A German-Egyptian team of archeologists have discovered the remains of a gymnasium dating back to the Hellenistic era some 2,300 years ago.
The site of the discovery is located in the Watfa village in Fayoum, approximately 100 kilometers southwest of Cairo.
The gymnasium is believed to be the very first of its kind to be unearthed in Egypt.
The archeological mission was headed by Professor Cornelia Römer with the German Archaeological Institute (DAI), and made the discovery as part of ongoing excavations at the site.
The site of the discovery was once the location of the ancient village Philoteris, established by king Ptolemy II in the third century BCE.
Head of the Ancient Egyptian Department at the Ministry of Antiquities
Ayman Ashmawi said that the gymnasium was made up of a large meeting hall, decorated with status, a dining hall, a courtyard and an almost 200-metre-long racetrack, AP reports.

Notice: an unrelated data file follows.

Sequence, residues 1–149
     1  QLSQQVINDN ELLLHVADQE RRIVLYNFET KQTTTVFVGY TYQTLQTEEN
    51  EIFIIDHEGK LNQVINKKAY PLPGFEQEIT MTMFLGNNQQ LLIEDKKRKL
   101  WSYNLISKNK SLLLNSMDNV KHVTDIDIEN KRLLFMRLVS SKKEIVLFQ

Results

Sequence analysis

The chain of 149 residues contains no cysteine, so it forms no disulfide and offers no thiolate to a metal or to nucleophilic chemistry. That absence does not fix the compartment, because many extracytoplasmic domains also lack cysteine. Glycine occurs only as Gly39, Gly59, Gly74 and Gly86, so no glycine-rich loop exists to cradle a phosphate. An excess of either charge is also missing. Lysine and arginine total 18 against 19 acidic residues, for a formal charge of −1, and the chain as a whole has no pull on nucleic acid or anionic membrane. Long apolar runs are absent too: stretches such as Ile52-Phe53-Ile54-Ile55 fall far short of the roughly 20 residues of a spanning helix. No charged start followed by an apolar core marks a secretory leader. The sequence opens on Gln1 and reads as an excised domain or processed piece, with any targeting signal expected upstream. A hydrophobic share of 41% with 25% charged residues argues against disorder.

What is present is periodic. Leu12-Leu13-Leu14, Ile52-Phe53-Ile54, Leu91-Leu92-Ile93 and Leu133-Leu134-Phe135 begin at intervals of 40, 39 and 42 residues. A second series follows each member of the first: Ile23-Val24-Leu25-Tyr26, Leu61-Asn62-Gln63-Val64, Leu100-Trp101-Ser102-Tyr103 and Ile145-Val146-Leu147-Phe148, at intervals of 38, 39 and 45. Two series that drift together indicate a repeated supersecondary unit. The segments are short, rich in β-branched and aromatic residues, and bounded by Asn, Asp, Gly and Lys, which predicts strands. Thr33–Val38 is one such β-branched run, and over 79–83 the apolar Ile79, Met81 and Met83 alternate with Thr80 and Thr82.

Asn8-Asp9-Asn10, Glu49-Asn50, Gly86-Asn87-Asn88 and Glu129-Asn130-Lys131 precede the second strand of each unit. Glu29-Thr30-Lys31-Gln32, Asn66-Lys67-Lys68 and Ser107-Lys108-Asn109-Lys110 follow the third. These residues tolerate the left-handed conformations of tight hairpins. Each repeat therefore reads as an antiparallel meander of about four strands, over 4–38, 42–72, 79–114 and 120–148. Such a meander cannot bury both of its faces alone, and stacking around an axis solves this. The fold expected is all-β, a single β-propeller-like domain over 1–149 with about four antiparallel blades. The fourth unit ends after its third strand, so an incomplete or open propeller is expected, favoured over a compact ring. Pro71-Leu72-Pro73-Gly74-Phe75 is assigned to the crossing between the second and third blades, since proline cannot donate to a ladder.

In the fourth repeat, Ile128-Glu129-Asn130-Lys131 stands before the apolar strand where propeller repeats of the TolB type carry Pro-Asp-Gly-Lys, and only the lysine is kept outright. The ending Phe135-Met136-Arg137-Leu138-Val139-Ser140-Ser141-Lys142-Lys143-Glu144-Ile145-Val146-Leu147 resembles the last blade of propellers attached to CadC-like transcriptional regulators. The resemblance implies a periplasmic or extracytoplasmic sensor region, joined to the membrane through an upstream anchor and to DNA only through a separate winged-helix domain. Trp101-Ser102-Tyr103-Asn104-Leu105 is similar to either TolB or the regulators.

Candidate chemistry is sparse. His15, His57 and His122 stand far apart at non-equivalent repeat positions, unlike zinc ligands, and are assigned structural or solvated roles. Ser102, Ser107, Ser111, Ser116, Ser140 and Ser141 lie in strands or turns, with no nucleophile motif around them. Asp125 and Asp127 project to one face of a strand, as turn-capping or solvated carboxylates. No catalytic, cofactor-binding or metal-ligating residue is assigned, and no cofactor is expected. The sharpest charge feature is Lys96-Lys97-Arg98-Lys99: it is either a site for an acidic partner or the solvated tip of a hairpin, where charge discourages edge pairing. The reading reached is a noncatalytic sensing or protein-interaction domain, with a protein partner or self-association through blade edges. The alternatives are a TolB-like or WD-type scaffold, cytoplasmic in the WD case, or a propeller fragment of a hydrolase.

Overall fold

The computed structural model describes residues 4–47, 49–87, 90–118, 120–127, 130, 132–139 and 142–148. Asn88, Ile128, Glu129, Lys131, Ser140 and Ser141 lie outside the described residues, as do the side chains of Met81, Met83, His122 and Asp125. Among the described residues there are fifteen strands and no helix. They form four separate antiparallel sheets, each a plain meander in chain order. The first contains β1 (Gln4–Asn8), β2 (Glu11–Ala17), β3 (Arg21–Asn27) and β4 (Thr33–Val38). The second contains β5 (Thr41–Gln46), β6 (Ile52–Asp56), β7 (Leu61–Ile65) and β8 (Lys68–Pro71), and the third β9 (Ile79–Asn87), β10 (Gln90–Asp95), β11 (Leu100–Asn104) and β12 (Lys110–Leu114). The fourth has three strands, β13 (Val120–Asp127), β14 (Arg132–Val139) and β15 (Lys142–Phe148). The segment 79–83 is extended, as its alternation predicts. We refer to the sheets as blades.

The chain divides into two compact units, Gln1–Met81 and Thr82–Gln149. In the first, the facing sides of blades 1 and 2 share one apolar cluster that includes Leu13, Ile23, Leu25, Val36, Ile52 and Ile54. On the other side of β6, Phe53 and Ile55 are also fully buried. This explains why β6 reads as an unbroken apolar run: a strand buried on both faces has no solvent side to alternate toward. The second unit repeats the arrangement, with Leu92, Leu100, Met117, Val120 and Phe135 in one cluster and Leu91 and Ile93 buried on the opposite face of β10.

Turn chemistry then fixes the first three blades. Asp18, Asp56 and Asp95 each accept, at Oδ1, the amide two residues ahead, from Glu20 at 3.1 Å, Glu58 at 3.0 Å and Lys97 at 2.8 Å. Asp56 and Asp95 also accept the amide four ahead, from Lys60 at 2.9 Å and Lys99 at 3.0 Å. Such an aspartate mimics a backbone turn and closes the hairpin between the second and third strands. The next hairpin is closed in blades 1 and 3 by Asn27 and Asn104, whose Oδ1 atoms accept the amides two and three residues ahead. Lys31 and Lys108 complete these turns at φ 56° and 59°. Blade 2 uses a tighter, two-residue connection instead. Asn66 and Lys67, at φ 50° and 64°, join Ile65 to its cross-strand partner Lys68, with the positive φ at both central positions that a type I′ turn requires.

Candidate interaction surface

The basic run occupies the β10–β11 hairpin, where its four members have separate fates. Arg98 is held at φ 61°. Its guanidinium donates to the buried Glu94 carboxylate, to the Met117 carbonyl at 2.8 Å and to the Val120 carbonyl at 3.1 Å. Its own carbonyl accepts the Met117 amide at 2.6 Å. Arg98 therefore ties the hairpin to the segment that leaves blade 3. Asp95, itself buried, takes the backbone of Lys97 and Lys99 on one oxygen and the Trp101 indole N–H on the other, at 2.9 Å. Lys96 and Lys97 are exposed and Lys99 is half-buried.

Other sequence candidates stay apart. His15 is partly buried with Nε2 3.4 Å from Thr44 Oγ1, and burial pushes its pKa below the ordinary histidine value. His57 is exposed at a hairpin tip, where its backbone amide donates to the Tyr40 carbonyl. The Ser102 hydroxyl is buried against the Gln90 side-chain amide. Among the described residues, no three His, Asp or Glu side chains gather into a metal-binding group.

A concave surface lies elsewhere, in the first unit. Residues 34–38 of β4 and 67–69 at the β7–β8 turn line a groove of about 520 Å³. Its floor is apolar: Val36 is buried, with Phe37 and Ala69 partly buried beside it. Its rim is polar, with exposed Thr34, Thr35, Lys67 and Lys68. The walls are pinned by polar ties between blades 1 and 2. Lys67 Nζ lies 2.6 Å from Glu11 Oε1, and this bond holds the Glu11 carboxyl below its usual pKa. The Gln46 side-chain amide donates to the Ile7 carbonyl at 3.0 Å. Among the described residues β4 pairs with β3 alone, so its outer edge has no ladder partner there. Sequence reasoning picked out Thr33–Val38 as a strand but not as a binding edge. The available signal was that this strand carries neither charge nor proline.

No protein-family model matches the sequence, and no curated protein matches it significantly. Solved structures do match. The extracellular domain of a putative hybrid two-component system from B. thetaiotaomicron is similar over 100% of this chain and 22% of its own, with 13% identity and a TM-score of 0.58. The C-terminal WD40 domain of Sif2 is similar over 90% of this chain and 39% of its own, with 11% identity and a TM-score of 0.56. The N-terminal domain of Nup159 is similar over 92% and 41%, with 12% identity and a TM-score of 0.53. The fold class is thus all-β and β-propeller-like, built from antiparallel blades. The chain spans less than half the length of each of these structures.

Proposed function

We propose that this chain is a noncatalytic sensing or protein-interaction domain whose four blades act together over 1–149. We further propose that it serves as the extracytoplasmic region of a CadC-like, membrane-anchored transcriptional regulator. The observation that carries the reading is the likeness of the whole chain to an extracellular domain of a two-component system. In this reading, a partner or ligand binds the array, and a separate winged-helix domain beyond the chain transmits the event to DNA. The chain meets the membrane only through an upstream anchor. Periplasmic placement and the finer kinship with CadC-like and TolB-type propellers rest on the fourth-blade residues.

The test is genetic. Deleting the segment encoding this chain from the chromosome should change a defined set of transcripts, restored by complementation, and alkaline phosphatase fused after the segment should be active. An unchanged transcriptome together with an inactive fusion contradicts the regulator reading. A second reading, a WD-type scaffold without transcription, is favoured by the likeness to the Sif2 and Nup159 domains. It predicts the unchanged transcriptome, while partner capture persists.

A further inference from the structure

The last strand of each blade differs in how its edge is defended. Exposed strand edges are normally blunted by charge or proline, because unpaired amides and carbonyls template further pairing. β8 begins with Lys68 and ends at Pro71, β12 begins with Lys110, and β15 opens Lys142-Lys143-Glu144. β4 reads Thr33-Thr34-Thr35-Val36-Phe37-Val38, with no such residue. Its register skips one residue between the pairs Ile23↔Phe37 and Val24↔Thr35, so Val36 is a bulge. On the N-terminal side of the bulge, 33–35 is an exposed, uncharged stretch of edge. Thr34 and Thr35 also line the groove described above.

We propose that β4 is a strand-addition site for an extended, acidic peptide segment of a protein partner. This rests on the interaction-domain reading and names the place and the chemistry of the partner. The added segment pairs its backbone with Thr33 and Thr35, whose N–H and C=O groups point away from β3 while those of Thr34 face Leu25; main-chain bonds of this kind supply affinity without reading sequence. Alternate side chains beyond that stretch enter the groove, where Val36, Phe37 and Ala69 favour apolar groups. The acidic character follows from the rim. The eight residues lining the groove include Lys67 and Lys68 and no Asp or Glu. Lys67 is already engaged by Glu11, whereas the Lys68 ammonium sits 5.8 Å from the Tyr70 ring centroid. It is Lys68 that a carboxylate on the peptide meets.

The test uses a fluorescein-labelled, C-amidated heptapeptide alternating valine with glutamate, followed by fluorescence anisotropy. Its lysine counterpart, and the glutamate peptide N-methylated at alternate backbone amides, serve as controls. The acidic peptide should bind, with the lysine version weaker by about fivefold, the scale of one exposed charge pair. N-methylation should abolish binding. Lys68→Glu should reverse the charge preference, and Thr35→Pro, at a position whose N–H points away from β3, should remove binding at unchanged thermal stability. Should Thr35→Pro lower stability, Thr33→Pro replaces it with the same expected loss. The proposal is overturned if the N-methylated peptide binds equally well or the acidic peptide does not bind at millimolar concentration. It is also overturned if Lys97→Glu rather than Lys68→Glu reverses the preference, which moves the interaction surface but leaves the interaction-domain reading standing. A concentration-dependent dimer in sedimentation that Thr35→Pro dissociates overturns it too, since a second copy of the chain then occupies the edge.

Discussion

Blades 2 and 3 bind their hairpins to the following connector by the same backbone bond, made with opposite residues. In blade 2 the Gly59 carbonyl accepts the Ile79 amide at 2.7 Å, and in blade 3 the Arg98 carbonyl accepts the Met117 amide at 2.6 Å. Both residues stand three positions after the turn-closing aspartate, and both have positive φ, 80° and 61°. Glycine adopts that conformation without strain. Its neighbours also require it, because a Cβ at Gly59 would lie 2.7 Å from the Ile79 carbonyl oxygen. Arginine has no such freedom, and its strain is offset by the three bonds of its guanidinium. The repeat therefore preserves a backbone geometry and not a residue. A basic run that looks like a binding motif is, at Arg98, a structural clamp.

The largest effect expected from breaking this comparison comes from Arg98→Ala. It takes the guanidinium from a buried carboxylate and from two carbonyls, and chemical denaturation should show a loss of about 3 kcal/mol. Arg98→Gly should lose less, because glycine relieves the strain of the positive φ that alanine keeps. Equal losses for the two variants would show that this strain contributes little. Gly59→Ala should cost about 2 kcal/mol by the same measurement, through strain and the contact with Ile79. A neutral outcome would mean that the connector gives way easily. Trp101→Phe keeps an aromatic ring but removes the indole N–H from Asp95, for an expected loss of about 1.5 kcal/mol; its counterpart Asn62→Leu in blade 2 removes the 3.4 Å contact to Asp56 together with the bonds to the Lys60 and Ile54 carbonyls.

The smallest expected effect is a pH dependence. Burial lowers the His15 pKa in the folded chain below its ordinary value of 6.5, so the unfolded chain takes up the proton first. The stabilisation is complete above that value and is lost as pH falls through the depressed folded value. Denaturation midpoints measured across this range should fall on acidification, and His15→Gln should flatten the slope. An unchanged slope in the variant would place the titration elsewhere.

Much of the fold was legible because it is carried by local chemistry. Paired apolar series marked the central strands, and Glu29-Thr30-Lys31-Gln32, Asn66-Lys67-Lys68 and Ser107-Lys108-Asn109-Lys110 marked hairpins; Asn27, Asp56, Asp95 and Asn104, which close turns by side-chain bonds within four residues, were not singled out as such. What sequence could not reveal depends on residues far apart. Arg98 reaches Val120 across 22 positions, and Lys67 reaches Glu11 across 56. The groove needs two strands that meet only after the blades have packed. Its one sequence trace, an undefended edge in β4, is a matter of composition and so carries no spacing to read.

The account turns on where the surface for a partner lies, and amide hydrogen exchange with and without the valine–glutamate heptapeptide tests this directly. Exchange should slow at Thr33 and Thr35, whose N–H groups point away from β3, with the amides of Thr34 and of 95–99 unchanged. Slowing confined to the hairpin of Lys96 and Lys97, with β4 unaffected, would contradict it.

Römer on her part said the new discovery is a testament of how strong an influence Greek life had in Egypt as a whole, not only in Alexandria as has been previously thought.
During the Hellenistic era, all major cities like Athens or Pompei had gymnasia such as the one discovered in Watfa.
“The gymnasia in the Egyptian countryside were built after their pattern. Although much smaller, the gymnasium of Watfa clearly shows the impact of Greek life in Egypt, not only in Alexandria, but also in the countryside,” Ahram Online quotes Römer as saying.
The German Archaeological Institute has been carrying out excavations at Watfa since 2010.